Saturday, February 26, 2011

Why taking and giving criticism is pretty much hard to swallow

Its actually hard to criticize anything (in cosplay) without hurting anyone's feelings even if the critic itself was well intentioned, especially if its towards a person being criticized who has loyal peeps who often (and amusingly) gets hurt in their stead, so the actual helpful intention gets muddled under all that trolling from defenders.

I remember having one amusing critic who said I had kick-ass costumes, and then saw a pic of me unmasked and said "ay tabatsing pala (omg he's a fatso!)". Hehe, i guess you can't please everyone.

Critics have one goal in mind: to find out what they feel is wrong with you or your presentation. How they say it is always open to debate and interpretation. And the most important part of is how YOU take the criticism. The best way to do it is to first find out what was your real intention of doing what you did. Then check out their comments and find out which ones you feel is relevant to your intention. And when you identify which comment would help you improve, thank them and ignore the rest you deem as trolls. This is not a perfect system, mind you, it depends on your mindset. If you look at the comments with a narrow mind, thinking that only good comments are worth looking at and ignoring what you or friends or loyalists felt as negative comments/trolling without really thinking it over, then there is really nothing a good or civil criticism can help you.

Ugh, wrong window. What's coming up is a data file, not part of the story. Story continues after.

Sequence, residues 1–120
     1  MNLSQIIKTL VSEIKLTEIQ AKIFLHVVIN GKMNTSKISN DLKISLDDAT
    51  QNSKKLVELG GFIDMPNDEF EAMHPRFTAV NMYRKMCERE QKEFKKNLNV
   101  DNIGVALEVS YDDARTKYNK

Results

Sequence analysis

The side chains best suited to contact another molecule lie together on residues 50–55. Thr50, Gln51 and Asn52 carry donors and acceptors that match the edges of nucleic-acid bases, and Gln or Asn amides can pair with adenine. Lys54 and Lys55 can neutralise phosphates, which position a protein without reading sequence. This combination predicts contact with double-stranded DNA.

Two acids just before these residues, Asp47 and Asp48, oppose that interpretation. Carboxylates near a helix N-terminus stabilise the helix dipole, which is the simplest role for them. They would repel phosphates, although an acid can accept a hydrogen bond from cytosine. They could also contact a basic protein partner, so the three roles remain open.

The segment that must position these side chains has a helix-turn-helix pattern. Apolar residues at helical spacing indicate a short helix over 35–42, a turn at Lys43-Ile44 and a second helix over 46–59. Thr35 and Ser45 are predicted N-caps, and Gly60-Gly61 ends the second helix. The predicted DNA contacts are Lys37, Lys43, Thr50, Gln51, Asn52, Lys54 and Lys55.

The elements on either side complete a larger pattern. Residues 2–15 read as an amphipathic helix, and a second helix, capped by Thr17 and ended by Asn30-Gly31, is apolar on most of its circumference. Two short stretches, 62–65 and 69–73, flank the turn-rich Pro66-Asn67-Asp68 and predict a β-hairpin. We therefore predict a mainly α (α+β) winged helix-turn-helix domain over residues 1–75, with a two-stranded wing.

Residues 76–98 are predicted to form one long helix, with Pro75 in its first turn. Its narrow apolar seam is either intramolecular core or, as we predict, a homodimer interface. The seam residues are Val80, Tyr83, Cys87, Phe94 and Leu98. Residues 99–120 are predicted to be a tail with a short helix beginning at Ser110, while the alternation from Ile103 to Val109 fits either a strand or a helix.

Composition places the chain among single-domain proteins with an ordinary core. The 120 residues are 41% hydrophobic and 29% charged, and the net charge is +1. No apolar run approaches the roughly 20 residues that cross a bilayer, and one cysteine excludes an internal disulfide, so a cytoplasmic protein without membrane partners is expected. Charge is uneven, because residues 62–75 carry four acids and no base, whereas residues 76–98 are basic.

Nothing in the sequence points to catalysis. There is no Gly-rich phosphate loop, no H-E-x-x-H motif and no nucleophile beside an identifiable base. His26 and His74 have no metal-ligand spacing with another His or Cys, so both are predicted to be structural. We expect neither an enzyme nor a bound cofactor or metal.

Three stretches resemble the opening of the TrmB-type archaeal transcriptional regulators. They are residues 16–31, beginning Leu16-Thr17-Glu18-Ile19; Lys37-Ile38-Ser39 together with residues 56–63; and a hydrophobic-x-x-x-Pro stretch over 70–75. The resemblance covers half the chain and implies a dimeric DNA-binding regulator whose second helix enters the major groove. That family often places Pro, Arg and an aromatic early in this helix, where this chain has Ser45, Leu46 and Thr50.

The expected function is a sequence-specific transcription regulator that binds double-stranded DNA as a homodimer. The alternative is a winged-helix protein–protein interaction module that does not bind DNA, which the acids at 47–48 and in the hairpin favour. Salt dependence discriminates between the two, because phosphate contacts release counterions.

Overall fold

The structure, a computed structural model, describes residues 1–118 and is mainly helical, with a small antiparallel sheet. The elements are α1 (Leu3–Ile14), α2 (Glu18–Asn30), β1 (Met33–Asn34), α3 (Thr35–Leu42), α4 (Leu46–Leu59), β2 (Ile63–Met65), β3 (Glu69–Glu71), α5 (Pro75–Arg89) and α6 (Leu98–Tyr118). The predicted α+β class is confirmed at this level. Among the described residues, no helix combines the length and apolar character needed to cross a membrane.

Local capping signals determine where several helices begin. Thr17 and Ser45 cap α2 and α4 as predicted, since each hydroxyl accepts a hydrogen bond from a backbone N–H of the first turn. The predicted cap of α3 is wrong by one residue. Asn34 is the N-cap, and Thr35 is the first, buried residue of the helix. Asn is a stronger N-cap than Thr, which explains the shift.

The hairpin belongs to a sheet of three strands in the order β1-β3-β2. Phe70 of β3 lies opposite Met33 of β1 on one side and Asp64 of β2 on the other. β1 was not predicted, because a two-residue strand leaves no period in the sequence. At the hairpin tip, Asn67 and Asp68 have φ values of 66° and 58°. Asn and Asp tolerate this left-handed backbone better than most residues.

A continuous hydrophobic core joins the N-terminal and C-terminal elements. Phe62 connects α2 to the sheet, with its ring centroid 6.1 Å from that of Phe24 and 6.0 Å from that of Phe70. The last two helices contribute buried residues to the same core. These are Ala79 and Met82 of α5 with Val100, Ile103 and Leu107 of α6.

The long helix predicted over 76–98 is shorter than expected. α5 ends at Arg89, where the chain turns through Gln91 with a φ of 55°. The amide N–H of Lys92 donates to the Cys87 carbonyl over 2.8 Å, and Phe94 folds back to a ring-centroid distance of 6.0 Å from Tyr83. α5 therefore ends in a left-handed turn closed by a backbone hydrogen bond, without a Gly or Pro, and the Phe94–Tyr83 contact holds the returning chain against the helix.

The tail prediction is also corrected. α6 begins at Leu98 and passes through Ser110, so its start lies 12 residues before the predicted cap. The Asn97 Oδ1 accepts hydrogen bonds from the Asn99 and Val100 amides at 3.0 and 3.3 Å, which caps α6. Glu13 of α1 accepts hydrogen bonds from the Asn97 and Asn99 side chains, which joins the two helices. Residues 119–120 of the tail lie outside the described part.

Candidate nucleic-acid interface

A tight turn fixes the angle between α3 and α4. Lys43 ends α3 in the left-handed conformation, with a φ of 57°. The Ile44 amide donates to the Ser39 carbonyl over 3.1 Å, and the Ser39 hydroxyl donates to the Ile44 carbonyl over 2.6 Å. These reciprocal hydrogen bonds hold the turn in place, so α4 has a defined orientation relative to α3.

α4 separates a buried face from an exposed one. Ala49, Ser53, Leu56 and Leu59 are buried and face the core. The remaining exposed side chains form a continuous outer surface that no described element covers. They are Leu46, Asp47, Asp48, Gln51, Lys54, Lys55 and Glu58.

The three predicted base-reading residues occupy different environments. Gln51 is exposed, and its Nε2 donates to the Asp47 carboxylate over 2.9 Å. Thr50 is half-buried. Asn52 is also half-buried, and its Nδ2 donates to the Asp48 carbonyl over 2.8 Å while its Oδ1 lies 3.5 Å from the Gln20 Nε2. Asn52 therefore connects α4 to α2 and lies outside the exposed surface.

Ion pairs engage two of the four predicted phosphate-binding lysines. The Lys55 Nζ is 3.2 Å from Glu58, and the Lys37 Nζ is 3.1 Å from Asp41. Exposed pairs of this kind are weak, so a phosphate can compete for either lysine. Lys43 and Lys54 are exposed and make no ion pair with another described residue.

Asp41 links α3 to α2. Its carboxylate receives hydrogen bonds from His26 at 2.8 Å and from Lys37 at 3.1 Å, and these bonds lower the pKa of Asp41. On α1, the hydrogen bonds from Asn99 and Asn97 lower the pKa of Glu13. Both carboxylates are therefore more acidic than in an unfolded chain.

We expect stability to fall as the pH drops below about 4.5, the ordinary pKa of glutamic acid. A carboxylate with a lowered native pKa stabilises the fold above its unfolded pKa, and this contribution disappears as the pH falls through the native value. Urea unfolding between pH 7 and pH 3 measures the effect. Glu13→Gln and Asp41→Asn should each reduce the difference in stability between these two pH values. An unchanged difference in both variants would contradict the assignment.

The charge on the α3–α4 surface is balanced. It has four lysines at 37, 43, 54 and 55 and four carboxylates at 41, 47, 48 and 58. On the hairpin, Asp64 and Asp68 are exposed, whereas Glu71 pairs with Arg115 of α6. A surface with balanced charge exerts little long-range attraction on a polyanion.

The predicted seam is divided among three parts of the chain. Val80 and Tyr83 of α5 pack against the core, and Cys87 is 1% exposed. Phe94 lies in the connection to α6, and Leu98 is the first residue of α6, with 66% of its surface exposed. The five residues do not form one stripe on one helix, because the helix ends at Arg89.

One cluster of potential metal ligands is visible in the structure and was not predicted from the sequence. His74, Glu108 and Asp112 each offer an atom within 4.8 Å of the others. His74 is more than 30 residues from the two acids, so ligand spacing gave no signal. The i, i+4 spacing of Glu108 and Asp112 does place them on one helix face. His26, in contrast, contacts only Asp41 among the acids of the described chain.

Sunday, February 20, 2011

A Decade of Homecomings: UPAME

To start, it doesn't feel like a High School reunions you see on TV, if there were any drama, they definitely didn't show it, not yet maybe, ehe.

Yesterday, I attended the UPAME Grand Homecoming at Teacher's Village near UP. I received the invitation almost two months early via email and random sightings in cons by members. The reunion is done every five years and hosted by the current batch, which is aptly described as BATCH 10. The numerical designation serves also as a perfect reminder how long has been since UPAME sprouted from the minds of four young anime manga enthusiasts (or geeks, if you please XD) and decided to create an org dedicated solely to the appreciation of the then hard to acquire (and understand!) media called anime and manga. From a humble starting group of twenty on the first semester, to the almost riot number of new members lining up to be part of AME we see today.